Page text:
She describes how she became a sixth concubine to a wealthy Manchu man, and in flashback we see her faking tears when her husband suddenly and unexpectedly passed—clearly not an accident. She’d just made it look like one so she could take his money.
In the present, she adds that having money and idle time finally gave her the chance to think of Sohyeon, the man responsible for setting off the chain of events that made her who she is today.
That’s why she approached Kim Ja-jeom, because she needed a way to meet Sohyeon, and he needed a spy fluent in Manchu. But even she admits that she didn’t expect to see Sohyeon again so quickly, since she’d planned to take him by surprise.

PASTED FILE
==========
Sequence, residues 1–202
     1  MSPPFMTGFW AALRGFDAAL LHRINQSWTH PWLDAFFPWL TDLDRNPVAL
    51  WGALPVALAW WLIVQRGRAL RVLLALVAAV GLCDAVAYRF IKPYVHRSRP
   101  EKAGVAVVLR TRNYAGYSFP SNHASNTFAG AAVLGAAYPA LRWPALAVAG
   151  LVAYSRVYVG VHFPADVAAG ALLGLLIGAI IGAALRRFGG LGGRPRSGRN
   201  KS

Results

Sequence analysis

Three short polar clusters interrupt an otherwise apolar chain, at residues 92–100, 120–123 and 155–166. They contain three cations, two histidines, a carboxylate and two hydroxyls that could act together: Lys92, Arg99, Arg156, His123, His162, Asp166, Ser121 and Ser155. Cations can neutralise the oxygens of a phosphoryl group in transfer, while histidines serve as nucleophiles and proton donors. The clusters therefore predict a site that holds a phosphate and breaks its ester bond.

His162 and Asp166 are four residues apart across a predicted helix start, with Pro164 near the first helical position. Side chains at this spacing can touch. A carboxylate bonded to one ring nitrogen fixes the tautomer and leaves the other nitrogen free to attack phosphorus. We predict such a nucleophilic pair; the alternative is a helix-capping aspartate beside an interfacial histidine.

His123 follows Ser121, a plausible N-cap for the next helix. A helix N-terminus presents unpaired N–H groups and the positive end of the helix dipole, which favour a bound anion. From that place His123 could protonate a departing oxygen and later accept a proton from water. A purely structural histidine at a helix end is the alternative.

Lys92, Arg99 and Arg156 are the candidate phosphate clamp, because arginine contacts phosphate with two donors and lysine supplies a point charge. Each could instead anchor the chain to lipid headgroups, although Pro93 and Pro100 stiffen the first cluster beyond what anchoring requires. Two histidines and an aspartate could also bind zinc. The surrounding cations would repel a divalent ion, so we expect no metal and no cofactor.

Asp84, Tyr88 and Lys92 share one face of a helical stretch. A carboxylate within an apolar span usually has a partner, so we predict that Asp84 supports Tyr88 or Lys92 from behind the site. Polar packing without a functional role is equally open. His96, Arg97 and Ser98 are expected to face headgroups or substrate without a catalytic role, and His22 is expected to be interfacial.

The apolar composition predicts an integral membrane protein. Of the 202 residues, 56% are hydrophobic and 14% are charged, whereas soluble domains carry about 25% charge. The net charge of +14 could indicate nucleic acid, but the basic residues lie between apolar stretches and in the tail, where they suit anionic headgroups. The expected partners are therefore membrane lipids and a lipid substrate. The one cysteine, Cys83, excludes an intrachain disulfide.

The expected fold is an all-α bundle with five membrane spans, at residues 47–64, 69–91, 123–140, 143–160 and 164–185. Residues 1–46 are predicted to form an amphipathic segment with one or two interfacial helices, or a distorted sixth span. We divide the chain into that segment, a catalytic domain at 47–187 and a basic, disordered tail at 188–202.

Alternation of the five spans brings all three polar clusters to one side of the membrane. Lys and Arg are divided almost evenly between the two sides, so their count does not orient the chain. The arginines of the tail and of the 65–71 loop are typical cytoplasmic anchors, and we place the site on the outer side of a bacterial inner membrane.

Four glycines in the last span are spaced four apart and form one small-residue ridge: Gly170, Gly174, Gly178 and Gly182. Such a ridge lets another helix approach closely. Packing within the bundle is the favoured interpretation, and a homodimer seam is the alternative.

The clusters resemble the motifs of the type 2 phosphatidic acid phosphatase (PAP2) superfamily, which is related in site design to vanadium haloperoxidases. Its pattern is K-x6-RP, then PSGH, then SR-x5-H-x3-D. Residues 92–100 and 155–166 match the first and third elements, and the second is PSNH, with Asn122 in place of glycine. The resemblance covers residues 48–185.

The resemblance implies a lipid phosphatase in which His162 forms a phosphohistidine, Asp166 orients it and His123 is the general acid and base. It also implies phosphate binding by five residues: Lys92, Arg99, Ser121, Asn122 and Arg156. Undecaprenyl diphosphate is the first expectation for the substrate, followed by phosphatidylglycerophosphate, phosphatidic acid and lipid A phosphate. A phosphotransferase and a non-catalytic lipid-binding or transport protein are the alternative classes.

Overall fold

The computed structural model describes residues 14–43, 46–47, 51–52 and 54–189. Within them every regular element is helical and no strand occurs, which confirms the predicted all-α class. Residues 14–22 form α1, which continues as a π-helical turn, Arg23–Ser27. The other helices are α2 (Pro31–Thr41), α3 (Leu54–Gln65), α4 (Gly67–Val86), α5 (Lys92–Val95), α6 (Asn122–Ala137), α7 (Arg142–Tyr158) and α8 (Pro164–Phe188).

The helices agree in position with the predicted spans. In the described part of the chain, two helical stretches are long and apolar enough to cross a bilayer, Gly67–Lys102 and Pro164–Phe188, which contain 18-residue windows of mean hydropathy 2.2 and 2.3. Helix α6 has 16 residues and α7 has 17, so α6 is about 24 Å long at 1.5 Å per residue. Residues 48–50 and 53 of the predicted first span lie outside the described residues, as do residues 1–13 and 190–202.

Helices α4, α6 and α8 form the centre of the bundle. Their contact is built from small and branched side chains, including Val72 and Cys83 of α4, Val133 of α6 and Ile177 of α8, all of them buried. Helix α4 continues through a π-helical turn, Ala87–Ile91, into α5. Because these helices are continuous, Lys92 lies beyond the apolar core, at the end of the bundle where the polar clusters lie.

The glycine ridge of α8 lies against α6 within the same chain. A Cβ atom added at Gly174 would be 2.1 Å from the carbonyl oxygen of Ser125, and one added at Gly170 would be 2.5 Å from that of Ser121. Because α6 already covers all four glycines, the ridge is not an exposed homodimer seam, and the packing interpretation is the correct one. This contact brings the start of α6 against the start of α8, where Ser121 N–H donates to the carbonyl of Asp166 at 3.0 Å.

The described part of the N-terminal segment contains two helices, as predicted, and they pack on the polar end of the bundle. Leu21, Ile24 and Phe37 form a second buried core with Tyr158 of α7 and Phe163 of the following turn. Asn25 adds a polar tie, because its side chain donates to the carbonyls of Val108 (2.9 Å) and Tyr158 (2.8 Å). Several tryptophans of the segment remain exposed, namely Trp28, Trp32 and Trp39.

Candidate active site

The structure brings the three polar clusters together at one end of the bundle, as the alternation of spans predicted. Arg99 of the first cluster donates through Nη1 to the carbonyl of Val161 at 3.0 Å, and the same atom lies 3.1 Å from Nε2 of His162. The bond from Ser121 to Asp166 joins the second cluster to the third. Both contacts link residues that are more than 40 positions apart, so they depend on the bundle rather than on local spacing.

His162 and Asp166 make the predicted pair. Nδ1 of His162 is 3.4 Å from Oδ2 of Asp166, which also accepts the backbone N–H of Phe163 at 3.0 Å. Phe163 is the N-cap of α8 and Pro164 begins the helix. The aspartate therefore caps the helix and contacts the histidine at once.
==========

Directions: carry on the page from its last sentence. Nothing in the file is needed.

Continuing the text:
“It must be so terrible for you that the woman you thought was dead is alive,” she both croons and grits through her teeth. At last, Sohyeon reacts with a shake of his head: “No. I was glad to see you alive.”
He tells her he spent every day of the past five years regretting what he did—that he ordered her to commit suicide then. Mi-ryung’s eyes fill with tears as she all but whispers, “You’re lying.”
But maybe she knows it’s true, or doesn’t want to believe it. Sohyeon shows none of the same emotions as he tells her that now is her chance to make him pay. That’s what she wants, right?
Mi-ryung balks at his cavalier attitude as she asks if he even knows how she wants to take her revenge on him—but he doesn’t care. Sohyeon: “Whatever method you choose, I can have nothing to say.”